In the Media

Police to reinvestigate case of dead bus driver amid allegations of racism

PUBLISHED April 11, 2012

The family of Kester David, 53, whose body was discovered with 100 per cent burns in July 2010, launched legal action against Scotland Yard alleging that detectives had failed to investigate the case properly because the victim was black.

An initial investigation concluded that Mr David, who was from Wood Green, North London, had taken his own life.

But a coroner returned a verdict of open death and a forensic expert said that he could not rule out the possibility that a third party was involved in Mr David's death.

A leaked report into the case later revealed a series of errors in the original inquiry and Mr David's family launched legal action against Scotland Yard, calling for an independent investigation into the death.

According to an internal report officers failed to check CCTV footage and did not cross-examine DNA recovered from the scene.

Mr David's family claim he may have been murdered because he was a police informant and have likened the alleged failings in the investigation case to that of Stephen Lawrence, the black teenager who was murdered in Eltham, South London in 1993.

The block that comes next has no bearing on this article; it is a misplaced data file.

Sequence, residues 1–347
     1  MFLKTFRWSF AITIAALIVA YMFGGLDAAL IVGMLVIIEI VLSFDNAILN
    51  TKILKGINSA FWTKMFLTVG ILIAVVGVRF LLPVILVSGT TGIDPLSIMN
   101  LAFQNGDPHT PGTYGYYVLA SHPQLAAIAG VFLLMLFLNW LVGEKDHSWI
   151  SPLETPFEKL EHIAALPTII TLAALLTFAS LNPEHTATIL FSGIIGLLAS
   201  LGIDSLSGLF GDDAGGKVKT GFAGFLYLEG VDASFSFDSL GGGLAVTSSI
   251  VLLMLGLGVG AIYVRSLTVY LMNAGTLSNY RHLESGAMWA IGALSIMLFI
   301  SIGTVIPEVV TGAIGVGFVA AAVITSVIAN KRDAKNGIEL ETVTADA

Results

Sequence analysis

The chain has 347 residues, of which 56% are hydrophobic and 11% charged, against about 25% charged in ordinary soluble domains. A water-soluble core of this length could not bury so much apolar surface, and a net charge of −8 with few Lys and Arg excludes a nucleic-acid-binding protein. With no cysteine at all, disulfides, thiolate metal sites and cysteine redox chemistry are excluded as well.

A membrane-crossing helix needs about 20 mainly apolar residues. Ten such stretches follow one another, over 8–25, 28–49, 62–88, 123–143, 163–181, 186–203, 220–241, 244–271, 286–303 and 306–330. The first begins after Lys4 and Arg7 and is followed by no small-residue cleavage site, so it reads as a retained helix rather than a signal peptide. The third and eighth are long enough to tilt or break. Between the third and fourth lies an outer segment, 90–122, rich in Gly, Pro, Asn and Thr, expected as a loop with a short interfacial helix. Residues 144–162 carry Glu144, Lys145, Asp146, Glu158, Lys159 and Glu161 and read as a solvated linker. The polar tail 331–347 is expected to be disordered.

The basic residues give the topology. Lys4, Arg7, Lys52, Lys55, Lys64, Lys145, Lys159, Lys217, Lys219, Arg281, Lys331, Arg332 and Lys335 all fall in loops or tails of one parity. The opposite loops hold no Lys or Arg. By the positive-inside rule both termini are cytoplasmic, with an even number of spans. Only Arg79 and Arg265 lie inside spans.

Mr David's mother, Winifred Griffith, told reporters: "If Kester had been a white man the police would have conducted a much more effective investigation."

Two reviews have already been carried out by the force, but with criticism mounting of the Met's race record, Scotland Yard has announced a fresh investigation into the case.

A spokesman for the Metropolitan Police Service said: "Following concerns from Mr David's family, two reviews into the investigation were carried out by senior officers from Enfield borough in September 2011 and January 2012.

"The results of those reviews remain under consideration and detectives from the Homicide and Serious Crime Command are to reinvestigate. They retain an open mind about the circumstances of Mr David's death.

"Officers will be in close contact with the family throughout the investigation to discuss its progress with them."

Ten cases of alleged racism involving 20 officers and a civilian police worker have been referred to the Independent Police Complaints Commission (IPCC) in recent weeks, leading to suggestions that the force has failed to learn the lessons from the Macpherson Report into the Stephen Lawrence murder.